Hell Is a Place on Earth: Son of Saul

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Son of Saul
Directed by László Nemes
Opens December 18


“If you’re going to make a film about genocide, it had better be really disturbing.”

—Joshua Oppenheimer, director of The Act of Killing and The Look of Silence


Oppenheimer’s words came to mind the first time I saw László Nemes’s debut feature, which attempts to find a new and meaningful way of representing some part of the Holocaust. Set almost entirely in Auschwitz, Son of Saul is full of fresh horrors, but for stacking corpses before our eyes or for portraying every variety of cruelty and suffering that occurred in the camps. The ever-traveling camera stays close to one man, over the course of a couple of days, without even always showing the rest of this world in focus. Grim-faced, staring hard, Saul bustles expressionlessly through his duties as a member of the Sonderkommando—those prisoners condemned to assist in the killing—until he becomes fixated on burying a dead boy he believes to be his child.

This mission is pure folly, which is also what some consider Nemes’s film, or worse.

But the filmmaker’s goal isn’t a sensitively lit, emotive drama, with wide views that might suggest a sense of comprehension that feels unrealistic in the living death of camp existence; indeed, its biggest weakness lies in the workmanlike screenplay, packed and punctual. It’s a matter of brute mechanical process—the routines of herding people into chambers, of obeying every Nazi order—and Saul himself seems robotic. His clinging to the possibility of his son’s burial—to the point if ignoring his duties in a camp-wide revolt that is being planned—feels almost childlike in its desperation. At times, horrifically, it seems as obsessive as any other task he must perform. Son of Saul is wrenching not just because of its bereft story but because Nemes gives us as a guide a man who may be broken beyond repair.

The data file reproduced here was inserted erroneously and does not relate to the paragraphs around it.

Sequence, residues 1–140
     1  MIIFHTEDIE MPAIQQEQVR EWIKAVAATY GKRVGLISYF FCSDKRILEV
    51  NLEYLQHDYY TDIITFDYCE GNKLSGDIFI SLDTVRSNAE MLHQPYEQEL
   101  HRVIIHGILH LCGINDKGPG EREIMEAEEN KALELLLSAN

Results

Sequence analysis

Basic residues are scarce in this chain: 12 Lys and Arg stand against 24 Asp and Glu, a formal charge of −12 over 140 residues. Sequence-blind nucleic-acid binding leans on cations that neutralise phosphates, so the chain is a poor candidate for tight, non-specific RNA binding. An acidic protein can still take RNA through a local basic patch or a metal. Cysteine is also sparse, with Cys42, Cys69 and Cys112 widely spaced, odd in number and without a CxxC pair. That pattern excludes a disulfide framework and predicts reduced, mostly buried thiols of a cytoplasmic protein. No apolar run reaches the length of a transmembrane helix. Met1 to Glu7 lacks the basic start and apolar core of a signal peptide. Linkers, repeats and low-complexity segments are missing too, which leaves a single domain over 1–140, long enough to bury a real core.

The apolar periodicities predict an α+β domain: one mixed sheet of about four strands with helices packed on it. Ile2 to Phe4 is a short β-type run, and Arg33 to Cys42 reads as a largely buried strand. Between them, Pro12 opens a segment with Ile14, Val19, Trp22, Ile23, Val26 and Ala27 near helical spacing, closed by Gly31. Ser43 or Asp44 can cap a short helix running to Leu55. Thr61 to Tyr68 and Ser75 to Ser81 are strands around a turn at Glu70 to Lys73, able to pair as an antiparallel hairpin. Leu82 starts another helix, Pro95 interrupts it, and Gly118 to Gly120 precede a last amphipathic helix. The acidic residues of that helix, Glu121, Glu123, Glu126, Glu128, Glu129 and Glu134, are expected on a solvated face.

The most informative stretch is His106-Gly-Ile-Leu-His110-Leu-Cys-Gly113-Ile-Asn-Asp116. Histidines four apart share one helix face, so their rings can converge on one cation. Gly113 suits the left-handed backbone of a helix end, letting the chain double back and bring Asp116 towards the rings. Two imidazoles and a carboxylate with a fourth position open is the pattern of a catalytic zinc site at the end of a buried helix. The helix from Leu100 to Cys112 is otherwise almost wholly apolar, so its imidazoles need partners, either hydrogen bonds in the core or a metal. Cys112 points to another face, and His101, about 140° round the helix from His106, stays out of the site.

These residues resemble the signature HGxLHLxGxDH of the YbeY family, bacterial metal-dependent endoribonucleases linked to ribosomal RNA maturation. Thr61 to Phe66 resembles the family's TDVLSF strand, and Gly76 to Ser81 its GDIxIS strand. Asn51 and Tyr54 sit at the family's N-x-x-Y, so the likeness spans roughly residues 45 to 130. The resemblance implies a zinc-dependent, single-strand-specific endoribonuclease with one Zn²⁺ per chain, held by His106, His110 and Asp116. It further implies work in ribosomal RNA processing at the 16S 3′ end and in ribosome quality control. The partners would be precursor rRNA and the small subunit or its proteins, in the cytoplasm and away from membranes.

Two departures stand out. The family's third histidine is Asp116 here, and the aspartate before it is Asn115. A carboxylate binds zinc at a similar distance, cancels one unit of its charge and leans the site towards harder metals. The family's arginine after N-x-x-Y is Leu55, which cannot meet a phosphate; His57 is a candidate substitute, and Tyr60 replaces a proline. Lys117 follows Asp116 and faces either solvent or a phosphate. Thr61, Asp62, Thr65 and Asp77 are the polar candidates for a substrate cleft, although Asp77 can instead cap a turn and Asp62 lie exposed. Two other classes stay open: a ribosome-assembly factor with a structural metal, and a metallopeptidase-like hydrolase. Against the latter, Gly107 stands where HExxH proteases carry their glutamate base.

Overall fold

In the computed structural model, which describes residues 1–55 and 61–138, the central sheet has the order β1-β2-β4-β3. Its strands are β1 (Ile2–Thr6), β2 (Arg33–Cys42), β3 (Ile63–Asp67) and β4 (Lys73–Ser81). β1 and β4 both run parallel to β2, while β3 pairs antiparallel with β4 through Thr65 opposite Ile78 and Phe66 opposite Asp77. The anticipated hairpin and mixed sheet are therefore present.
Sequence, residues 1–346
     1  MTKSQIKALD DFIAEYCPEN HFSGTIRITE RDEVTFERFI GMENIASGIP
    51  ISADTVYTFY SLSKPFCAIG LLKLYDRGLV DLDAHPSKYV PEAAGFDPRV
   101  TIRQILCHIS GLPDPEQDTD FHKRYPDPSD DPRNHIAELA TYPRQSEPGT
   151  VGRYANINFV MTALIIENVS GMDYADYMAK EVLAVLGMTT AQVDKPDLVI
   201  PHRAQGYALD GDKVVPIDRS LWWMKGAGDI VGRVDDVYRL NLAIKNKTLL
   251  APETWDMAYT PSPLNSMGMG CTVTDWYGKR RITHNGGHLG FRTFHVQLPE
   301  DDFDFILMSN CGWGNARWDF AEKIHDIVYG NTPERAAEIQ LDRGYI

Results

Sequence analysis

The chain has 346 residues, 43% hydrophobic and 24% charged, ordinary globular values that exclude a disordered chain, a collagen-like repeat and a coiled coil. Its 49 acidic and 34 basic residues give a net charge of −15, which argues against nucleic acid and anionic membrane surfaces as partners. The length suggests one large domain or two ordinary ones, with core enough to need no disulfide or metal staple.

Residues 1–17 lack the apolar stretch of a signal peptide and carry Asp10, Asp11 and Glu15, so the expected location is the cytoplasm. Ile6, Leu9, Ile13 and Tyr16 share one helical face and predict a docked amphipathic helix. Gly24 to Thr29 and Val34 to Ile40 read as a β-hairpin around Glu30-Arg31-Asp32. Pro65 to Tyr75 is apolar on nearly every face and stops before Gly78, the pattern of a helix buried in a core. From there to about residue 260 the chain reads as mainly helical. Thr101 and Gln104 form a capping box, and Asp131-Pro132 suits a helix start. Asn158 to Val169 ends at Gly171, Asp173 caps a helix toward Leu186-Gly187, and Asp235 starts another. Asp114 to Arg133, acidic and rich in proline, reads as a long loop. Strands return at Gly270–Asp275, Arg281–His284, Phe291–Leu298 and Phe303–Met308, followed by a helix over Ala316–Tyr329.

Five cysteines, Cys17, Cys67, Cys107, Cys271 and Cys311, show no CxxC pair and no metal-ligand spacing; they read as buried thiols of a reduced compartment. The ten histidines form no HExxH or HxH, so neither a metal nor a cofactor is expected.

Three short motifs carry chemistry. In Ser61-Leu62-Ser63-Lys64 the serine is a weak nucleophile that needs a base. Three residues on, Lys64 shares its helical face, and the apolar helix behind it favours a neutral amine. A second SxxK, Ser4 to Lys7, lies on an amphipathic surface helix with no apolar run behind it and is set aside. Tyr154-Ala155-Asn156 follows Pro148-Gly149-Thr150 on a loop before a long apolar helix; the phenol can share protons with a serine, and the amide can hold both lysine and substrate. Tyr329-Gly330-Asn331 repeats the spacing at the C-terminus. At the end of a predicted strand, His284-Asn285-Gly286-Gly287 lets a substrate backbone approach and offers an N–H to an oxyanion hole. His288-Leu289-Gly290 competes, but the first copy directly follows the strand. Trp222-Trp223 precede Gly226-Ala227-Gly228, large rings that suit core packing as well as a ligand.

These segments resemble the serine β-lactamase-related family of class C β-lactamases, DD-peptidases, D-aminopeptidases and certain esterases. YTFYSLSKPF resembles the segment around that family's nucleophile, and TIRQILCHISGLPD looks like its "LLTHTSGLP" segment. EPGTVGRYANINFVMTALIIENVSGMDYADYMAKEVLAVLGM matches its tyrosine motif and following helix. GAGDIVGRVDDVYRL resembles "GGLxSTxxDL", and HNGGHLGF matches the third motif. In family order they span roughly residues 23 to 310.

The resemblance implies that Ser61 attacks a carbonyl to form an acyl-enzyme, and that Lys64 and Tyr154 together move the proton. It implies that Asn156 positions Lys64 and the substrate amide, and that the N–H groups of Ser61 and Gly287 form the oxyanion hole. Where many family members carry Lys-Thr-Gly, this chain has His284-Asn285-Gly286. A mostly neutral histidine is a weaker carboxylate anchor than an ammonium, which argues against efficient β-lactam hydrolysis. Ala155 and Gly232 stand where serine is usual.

The tight point of view and roaming camera mean that killing often happens in the background, as in a truly hellish murder roundup along a pit by firelight. This is Nemes’s concerted effort to emphasize not only that death was routine, a part of the landscape, but also that fully grasping and containing and conveying that landscape—the physical, psychological, cultural, spiritual import—may not be possible, or even desirable. It’s puzzled me, a little, that this decision has been taken for its opposite intention, as some kind of intellectualized stunt (especially when the technique is tame set against the formal experimentation of much poetry on 20th-century horrors, or, say, Time’s Arrow). Surely anticipating as much, Nemes and his supporters have brandished the Cannes endorsement by Shoah director Claude Lanzmann as proof of the film’s moral seriousness; even without the imprimatur, history is written undeniably into the film’s production detail and polyglot languages.

The 38-year-old Hungarian-born director is ambitious, no question; it takes a certain hubris to make a film about the Holocaust as your first feature, and the feat landed him a debut at Cannes. Technically, Son of Saul is a bravura feat, especially its wrenchingly detailed and textured sound design, truly evoking a factory of death. Intriguingly, Nemes had tested out his approach in his 2007 short film, With a Little Patience, in which the blinkered perspective belongs to a German clerk working in a building right nearby a Nazi murdering line. There the constrained view represented a shameful choice of contemporary Germans to ignore reality; entering the inferno completely with Son of Saul, Nemes insists upon the work that is required to grasp it at all.

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